Tapping Into Knowledge Management
The New Reality for Customer Engagement
Date: 5/31/2018 @ 1 p.m. ET
What do you know?
As part of an operational hardening project, I just finished an extensive review of the operational support documentation for our production systems. We conduct this review periodically to ensure that our business-continuity and disaster-recovery plans will work even if none of our people are available to operate and support the recovery site.
Most of the news from the just-completed review is very good. Although we have a dynamic production environment, the day-to-day production processes are well-documented and up to date.
We are less clear, however, on how much more than the formal operational documentation is in daily use by the production support teams, and how much of what they use is not well-represented by the formal documentation sets.
I'm referring to the tacit knowledge that exists in every organization: generally the accumulated experience that represents a level beyond the business-as-usual procedural definitions that the formal documentation provides. This undocumented knowledge and experience encompass the things we do when we don't have time for--or access to--the formal checklists and procedures that we want everyone to follow.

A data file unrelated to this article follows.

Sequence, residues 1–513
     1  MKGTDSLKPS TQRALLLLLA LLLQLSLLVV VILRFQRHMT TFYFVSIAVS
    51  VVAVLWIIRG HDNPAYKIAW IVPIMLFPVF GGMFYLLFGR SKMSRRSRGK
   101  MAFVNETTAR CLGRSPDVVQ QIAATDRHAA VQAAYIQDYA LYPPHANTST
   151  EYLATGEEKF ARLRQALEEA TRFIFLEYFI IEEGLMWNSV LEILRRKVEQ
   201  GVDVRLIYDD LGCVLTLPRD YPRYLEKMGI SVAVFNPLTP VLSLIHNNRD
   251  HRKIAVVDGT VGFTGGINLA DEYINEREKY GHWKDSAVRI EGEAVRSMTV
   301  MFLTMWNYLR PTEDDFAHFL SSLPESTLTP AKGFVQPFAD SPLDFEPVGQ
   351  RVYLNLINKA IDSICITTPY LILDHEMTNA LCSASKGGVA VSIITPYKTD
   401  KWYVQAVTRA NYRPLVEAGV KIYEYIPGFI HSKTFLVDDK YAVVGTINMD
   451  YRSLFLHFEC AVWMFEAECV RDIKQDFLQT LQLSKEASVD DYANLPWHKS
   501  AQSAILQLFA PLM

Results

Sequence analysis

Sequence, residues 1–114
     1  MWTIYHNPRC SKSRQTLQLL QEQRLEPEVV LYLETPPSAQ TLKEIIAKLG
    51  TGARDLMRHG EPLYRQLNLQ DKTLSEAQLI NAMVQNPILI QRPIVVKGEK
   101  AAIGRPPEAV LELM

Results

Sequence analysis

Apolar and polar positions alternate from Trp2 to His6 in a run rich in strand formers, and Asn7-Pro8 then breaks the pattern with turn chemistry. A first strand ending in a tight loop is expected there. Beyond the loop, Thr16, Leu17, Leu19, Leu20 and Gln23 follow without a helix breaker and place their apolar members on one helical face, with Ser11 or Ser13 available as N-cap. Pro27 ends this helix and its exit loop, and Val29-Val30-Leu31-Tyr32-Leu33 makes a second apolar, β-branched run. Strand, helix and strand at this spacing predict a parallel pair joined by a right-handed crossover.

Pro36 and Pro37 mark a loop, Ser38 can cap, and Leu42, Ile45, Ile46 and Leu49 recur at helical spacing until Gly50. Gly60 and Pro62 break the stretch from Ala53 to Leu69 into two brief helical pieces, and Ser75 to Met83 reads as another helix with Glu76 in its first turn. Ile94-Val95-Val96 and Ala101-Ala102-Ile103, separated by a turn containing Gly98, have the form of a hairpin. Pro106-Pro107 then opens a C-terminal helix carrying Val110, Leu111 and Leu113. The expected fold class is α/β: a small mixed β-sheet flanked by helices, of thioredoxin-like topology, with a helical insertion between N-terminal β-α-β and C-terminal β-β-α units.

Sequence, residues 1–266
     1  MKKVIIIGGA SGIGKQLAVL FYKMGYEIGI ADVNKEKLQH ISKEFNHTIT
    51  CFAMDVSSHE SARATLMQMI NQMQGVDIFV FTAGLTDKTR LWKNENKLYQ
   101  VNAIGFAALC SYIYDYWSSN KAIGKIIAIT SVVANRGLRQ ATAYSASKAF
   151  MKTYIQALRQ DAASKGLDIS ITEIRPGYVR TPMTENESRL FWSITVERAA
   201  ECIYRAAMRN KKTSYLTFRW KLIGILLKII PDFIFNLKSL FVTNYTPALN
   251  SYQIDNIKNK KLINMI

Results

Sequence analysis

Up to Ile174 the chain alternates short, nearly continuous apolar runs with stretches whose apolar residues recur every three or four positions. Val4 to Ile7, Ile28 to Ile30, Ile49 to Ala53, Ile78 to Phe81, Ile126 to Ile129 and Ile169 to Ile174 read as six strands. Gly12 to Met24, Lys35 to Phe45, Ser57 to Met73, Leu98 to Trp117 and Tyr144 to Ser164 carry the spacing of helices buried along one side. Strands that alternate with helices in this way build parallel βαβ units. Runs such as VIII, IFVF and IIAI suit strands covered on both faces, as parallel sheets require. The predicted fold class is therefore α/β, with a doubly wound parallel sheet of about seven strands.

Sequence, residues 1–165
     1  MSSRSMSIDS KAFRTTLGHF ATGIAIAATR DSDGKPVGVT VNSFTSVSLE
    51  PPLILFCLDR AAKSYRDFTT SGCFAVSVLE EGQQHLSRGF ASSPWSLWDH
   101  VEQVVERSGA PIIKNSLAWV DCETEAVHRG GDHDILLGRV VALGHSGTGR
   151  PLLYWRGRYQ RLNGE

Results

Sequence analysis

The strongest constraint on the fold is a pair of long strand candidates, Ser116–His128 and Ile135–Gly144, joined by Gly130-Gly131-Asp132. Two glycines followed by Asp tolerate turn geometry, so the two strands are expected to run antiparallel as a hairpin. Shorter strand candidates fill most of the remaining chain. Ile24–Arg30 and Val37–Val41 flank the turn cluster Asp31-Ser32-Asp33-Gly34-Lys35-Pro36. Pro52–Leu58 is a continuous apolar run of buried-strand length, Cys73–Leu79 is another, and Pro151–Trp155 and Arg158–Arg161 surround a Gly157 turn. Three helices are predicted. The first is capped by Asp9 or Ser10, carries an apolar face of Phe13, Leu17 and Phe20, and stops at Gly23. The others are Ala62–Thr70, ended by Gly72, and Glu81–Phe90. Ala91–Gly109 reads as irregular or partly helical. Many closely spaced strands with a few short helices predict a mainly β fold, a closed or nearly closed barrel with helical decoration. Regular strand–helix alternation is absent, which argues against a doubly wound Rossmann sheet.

It's the knowledge in people's minds, rather than what's in the hard- and soft-copy documents we maintain. And it gets used a lot more than we like to admit.
This classic tacit-to-explicit capture scenario is not new. I've been wrestling with some flavor of this dilemma ever since I got involved in the knowledge management arena in the early 1990s. But I need to solve it soon, because many of the people in our organization who have tacit knowledge are getting close to retirement and will take their knowledge and experience with them.
The services vendors I work with all agree on how to solve this problem: with a big, expensive Knowledge Management (always with capitals) consulting engagement. However, I'm skeptical whether what they propose will actually work, especially because there's no proof that they've managed to make it work elsewhere.
Knowledge management isn't something you do. Rather, it's the result you get when you do a lot of other things right. And it doesn't happen simply by using automation and tools, although both can help get the right things to work properly.
And here's the most critical factor: The people who have valuable knowledge are too busy to make time for the extensive interviews, observations, explanations and data-gathering workshops that are needed to establish a knowledge database.
As much as I want to solve this problem, I don't believe that conventional approaches will work. So I'm going to have to create a stealth approach that gets me what I need without disrupting business as usual or stressing the operations and support teams.
Right now, I'm not sure how I'm going to do this. I have a few ideas, and I've asked my services partners to come up with some as well. It will be interesting to see what kind of innovative thinking they offer us.
Until then, I'll keep chipping away at the tacit-knowledge pile, while incrementally improving our explicit-knowledge assets.
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